The blues has always run deep in the veins of guitar lovers. From the old Delta to the British invasion then into classic rock and even heavy metal, the soul of the blues has had a grip on our scene stronger than anything else in memory. It's easy to be sucked into the world of Jimi Hendrix, or Eric Clapton and to bow down to the opinions of the children of the 60s and 70s who grew up having their minds altered by the guitar wizardry of these icons. In this humble authors opinion however, there's a new face on the scene who will command the same degree of respect as those who came before, someone who will go down in history as one of the blues greats, the incredible Joe Bonamassa.
Joe has gone from strength to strength in recent years after releasing his debut album, A New Day Yesterday, in 2000. Though his history on the blues scene stretches back much further as almost 10 years prior to releasing his debut he was hitting the stage with his mentor Danny Gatton and even opened for BB King at the age of 12. By the age of 16 he was appearing at top events such as the 1993 Leo Fender special where he would play alongside blues masters like Robben Ford.
You might find yourself asking the question, what is it that made Joe stand out from the pack? Why was he just that little bit better than every other kid his age? It could be said that he just had a gift, but I like to think that it was his exposure to music from a young age and an obvious passion and dedication which gave him that extra leg up. Joe has told in the past of vivid memories sat listening to Bonnie Raitt, Eric Clapton, Jethro Tull and Crosby, Stills, Nash and Young with his parents aged 7. The result is an in built understanding of tone, dynamics, phrasing and subtle nuance which are often missing in the playing of someone who learnt Jimi Hendrix songs from a tab book.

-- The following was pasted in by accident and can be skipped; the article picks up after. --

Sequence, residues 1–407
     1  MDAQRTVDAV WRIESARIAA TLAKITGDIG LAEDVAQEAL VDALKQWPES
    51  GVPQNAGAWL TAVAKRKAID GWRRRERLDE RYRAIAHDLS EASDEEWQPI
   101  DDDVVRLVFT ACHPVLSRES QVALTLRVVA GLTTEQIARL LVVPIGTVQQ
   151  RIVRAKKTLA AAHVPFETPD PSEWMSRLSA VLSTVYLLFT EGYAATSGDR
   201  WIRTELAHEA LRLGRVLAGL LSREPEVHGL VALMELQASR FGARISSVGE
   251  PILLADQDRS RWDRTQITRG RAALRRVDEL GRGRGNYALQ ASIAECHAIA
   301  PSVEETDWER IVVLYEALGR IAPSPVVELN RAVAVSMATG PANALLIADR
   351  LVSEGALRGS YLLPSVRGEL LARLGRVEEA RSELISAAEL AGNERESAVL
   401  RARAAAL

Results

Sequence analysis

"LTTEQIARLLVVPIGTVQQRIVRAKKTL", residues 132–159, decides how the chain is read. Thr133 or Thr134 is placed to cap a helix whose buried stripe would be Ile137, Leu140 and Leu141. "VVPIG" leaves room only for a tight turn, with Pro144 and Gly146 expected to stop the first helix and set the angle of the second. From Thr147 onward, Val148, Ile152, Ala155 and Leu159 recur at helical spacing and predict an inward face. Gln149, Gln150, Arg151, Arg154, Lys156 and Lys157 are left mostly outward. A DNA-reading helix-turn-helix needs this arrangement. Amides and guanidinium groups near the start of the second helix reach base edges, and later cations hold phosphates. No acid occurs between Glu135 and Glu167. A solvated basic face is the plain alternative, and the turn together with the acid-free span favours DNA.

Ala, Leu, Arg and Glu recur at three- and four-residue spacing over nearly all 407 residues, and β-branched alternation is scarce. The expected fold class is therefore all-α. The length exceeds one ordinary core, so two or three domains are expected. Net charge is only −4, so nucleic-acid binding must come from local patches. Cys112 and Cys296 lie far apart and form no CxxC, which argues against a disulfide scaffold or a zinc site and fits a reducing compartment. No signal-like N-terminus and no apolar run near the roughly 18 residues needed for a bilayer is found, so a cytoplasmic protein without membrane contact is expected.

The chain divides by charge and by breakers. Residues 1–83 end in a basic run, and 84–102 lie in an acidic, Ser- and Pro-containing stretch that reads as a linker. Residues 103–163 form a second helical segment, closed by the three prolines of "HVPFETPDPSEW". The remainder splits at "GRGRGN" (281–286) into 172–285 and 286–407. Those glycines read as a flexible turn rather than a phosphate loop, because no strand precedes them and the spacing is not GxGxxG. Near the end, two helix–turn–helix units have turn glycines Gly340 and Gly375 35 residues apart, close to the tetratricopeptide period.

From this point Joe found a deep love for the blues of the time from players like Eric Clapton, on the classic John Mayall & The Bluesbreakers (beano) album along with his playing on Goodbye by Cream, The Irish flair of Rory Gallagher on Irish Tour '74, and Stevie Ray Vaughan's Texas Flood. Aside from these open influences, it's easy to hear other guitar icons like BB King, Albert Collins, Albert King, Eric Johnson, Danny Gatton and countless more buried deep in his unique playing style.
When it comes to guitars, Joe has been seen with everything classic and his fair share of modern alternatives. Back in the day he could be seen playing Stratocasters much like his heroes Rory Gallagher, Eric Clapton and Stevie Ray Vaughan, though over time he has leaned towards the Gibson Les Paul, having his own signature Goldtop available from both Gibson and Epiphone. Aside from this, Joe has a collection of some more left field axes, Ernie Ball Musicman Petrucci, A Gibson "Bona-Bird" and some stunning Gigliotti mahogany and brass guitars.
Since 2000, Joe has released over 15 incredible albums as a solo artist and alongside some serious names like his band mates Glenn Hughes, Jason Bonham and Derek Sherinian in supergroup Black Country Communion, with Beth Hart and his latest collaboration in Rock Candy Funk Party. There are just too many albums to realistically expect you to go out and get right now, but consider the solo albums Sloe Gin, The Ballad Of John Henry or 2012s Driving Towards The Daylight, or check him out on film on Beacon Theatre: Live From New York to see him at his best. It's also worth checking him out in Black Country Communion, and any one of their 3 studio albums or live album will satisfy any fan of classic rock.